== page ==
Spring is in full bloom, and now is the time to tend to your garden! Follow these safety tips to prevent gardening injuries:
- Wear gloves: Gloves will reduce blistering and protect your skin from fertilizers, pesticides, bacteria and fungus that live in the soil. When exposed to soil, even small cuts can turn into a hand infection.
- Rotate tasks: Repetitive motions such as digging, raking, trimming, pruning or planting can cause skin, tendon or nerve irritation. Rotate tasks every 15 minutes and take brief rests between so the same muscles are not used over and over again.
- Use tools: Do not use your hands to to dig. Sharp objects and debris in the soil can cut or puncture the hand. Use a hand shovel or a rake.
- Check your posture: Keep your wrist in a relaxed or neutral position when using tools as opposed to bent. This keeps grip strength at its maximum and requires less pressure to control the tool.
- Use caution when climbing a ladder: Always have someone holding the ladder as you climb, and make sure the ladder is on even ground. If pruning needs to be performed higher up on a tree, consider hiring a service.
Dr. Benjamin J. Jacobs, an orthopaedic surgeon, answers your questions about carpal tunnel syndrome.
Q: What is the carpal tunnel?
A: It is an actual tunnel made from the bones in your wrist and a tough ligament. The carpal tunnel nerve (median nerve) and several tendons run through the carpal tunnel. The thumb, index finger, middle finger and half of the ring finger get their sensibility from the carpal tunnel nerve.
Q: What does carpal tunnel syndrome feel like?
A: It varies on the person. The most common feelings people tell me about carpal tunnel syndrome are numbness, tingling, pain, weakness, and clumsiness (frequently dropping things, difficulty with buttons or needle work). The numbness or tingling most often takes place in the thumb, index, middle, and ring fingers. Very commonly, people wake at night or in the morning and have to “shake out” the numbness from their hand.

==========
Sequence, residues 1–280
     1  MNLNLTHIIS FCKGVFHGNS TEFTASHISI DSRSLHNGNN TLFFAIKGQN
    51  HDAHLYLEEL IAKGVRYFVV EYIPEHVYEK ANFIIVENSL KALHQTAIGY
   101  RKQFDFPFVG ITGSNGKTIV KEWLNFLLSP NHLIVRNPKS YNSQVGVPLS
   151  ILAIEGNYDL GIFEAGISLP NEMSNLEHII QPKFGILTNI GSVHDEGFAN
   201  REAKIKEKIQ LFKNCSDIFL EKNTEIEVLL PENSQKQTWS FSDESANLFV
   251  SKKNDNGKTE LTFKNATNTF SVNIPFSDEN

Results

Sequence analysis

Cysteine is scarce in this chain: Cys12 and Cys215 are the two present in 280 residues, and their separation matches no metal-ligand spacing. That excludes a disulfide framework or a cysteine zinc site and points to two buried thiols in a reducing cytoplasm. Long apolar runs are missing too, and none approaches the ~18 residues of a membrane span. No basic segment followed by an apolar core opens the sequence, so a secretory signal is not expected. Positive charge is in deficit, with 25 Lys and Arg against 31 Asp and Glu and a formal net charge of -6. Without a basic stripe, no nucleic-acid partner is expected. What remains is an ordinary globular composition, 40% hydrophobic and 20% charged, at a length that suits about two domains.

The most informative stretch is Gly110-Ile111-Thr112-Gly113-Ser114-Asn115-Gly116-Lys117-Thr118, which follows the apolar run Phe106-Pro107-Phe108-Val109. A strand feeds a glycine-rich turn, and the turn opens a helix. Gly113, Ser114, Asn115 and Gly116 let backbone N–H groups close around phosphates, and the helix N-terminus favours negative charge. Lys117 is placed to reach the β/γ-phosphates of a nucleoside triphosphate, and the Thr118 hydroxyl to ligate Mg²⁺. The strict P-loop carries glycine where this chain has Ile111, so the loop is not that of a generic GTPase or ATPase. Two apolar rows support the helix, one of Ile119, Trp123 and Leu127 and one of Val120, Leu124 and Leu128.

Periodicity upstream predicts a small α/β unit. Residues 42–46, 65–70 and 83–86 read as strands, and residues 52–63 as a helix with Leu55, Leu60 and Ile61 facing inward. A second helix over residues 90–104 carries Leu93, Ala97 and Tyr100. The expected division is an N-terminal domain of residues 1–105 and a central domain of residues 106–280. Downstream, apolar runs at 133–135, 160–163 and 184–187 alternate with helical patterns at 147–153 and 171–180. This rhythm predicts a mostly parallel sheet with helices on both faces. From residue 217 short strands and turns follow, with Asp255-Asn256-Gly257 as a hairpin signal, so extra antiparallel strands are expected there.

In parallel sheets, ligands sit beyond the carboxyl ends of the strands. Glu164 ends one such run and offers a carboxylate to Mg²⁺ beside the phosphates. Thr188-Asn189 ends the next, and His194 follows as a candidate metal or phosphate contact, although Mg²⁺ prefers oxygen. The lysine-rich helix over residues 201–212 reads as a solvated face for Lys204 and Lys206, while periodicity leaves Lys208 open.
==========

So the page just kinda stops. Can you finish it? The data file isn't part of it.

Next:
Q: How does carpal tunnel syndrome happen?
A: Anything that increases pressure on the carpal tunnel nerve can cause carpal tunnel syndrome. Often, we don’t ever find out why someone develops carpal tunnel syndrome. Sometimes we see carpal tunnel syndrome in the setting of certain medical conditions such as diabetes, thyroid problems, and pregnancy. Often it is not just one thing causing carpal tunnel syndrome, but a combination of factors.
- Tendonitis: Tendon inflammation is the most common wrist/hand complaint among golfers. Treatment can include rest, splint(s), ice and anti-inflammatory medicine.
- Wrist fractures: A fracture of the hook of the hamate, a small bone in the wrist, is a distinctive golf injury. It can be caused by hitting the club forcefully on the ground and may cause pain, numbness or tingling in the little or ring fingers. Treatment can include a splint, a cast or surgery.
- Golfer’s elbow (medial epicondylitis): Golfer’s elbow is a painful tendonitis on the inner part of the elbow. It can be caused by repeated swinging of the club. Treatment can include rest, physical therapy or anti-inflammatory medicines.
- Lateral epicondylitis (tennis elbow): Pain on the outer side of the elbow is common with lateral epicondylitis. It can be caused by repeated strain on the dominant arm. Treatment can include rest, physical therapy or anti-inflammatory medicines.
- Golf cart injuries: Unsafe use of golf carts can cause fall-outs and tip-overs, which may result in serious fractures to the hand, wrist, arm, elbow or shoulder. Use caution when driving a golf cart.
Learn more about golf injuries to the hand, wrist, elbow and shoulder.